Operating Systems

A tipping point, as Malcolm Gladwell explains in his bestseller from a couple of years ago, The Tipping Point: How Little Things Can Make a Big Difference, occurs when a series of changes cause organizations to behave in fundamentally different ways. After a tipping point occurs, it’s usually quite obvious that something significant has changed. But predicting a tipping point can be difficult. Nevertheless, I’m going to give it a go.

The last tipping point in IT occurred during the late ’80s and early ’90s. During this timeframe, the industry transitioned from the age of the batch window to non-stop availability. After the advent of the Internet, it no longer was acceptable for technology folks to tell the business that its applications and systems weren’t capable of supporting round-the-clock availability.

Oh, it took some time for this tipping point to become reality. At first, businesses clamored for continual up-time and IT struggled to squeeze more availability out of the current technology. The hardware and software took some time to catch up to the need. But the industry eventually adapted to catch up to the post-tipping point requirements. We added online reorganizations, autonomic management features, and hardware with rapid failover capabilities. And now 24x7 availability is an accepted business practice and many businesses will accept nothing less.

The next tipping point—regulatory compliance—is on the horizon. Legislation is being passed at breakneck speeds. There are more than 150 regulations tracked by the IT Compliance Institute (www.itcinstitute.com/ucp/index.aspx) in their Universal Compliance project. This project is the first independent initiative to exclusively support IT compliance management.

Slowly but surely, we’ve amassed an avalanche of regulations that dictate how we must treat corporate data. As organizations react to comply with these regulations, we will see this new tipping point. I believe it will manifest itself in the form of companies beginning to treat data as a valuable corporate asset.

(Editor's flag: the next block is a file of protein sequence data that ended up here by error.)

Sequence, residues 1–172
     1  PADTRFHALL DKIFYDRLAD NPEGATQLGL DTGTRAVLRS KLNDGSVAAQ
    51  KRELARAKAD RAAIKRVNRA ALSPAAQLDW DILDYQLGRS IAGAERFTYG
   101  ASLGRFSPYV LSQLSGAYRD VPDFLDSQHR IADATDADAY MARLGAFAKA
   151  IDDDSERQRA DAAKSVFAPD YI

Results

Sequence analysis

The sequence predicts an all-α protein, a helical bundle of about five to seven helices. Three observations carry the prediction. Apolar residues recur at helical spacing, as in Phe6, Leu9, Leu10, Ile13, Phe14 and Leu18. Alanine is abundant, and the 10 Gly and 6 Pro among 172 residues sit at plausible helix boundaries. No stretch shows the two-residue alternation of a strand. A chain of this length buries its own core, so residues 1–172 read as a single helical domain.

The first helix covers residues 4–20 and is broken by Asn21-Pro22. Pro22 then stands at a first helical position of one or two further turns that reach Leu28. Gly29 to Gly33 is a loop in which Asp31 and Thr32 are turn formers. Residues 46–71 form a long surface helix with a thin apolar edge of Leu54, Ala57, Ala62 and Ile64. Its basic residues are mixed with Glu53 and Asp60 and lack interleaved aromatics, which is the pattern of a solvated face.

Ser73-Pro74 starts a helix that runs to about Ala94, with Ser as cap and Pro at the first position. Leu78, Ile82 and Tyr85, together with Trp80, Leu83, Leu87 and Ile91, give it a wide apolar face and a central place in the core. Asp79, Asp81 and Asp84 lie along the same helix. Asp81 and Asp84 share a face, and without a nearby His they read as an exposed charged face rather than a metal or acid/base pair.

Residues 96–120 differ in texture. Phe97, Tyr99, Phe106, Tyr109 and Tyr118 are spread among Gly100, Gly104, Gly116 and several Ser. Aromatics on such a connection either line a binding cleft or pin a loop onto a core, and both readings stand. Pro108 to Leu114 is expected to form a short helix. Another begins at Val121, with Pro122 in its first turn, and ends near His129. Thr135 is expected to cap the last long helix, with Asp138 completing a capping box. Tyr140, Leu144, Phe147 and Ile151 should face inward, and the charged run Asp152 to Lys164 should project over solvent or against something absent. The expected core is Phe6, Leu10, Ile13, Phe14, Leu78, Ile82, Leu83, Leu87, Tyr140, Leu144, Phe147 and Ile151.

The change that’s imminent is that we won’t just be saying that, but actually doing it. Just about every high-level executive mouths the platitude that they already treat data as a corporate asset. But do they? Think about how we treat other important assets. Our finances are treated much more rigorously than data. If our financial statement is one penny off, we won’t stop until we track it down and get it right. Do we do the same for data quality? What about human resources? Every company has an organizational chart that maps its personnel, department, and job. Do we have a corporate data model to accomplish the same task for our data? No, we don’t treat data like we treat other assets, at least not yet.

But the laws are ahead of reality, so once again, we’re in that period where the software must catch up to the requirement. What types of software innovation will be required to enable us to actually treat data as a corporate asset?

Well, we need advanced algorithms and techniques for ensuring data quality. Today we see data profiling and cleansing tools, but these still require too much manual intervention to be successful. Advances will be required to automate data quality through pattern detection and realtime data profile management.

Additionally, robust database archiving solutions are just now entering the market. These solutions enable data to be maintained in an authentic manner and queried over long durations—decades, and even centuries, in some cases.

Furthermore, the manner by which we protect the data in our enterprise databases needs to be improved. This includes, but isn’t limited to, better and more efficient encryption and decryption techniques, label-based access security to support more granular authorization, and, perhaps most important, improved database auditing. Knowing “who did what to which piece of data when” is a prime focus of many regulations, but today’s software offerings don’t yet provide the full range of capabilities required to be in compliance.

Finally, not every change will be technology focused. Organizations will need to adopt a data governance practice to ensure data is managed (governed) appropriately for the corporation and in compliance with the pertinent regulations. Data governance is the practice of managing the availability, usability, integrity, and security of the data in use within your organization. A sound data governance program includes a governing body or council, a defined set of procedures, and a plan to execute those procedures. Without a data governance practice, regulatory compliance is impractical, if not impossible.

Some people rue the onerous burden imposed by governmental regulations on their data, but I applaud them. After all, in most cases, all these regulations are doing is forcing businesses to do the things they should have been doing anyway. Too bad it takes legislation to make that happen. Z CRAIg s. MULLINs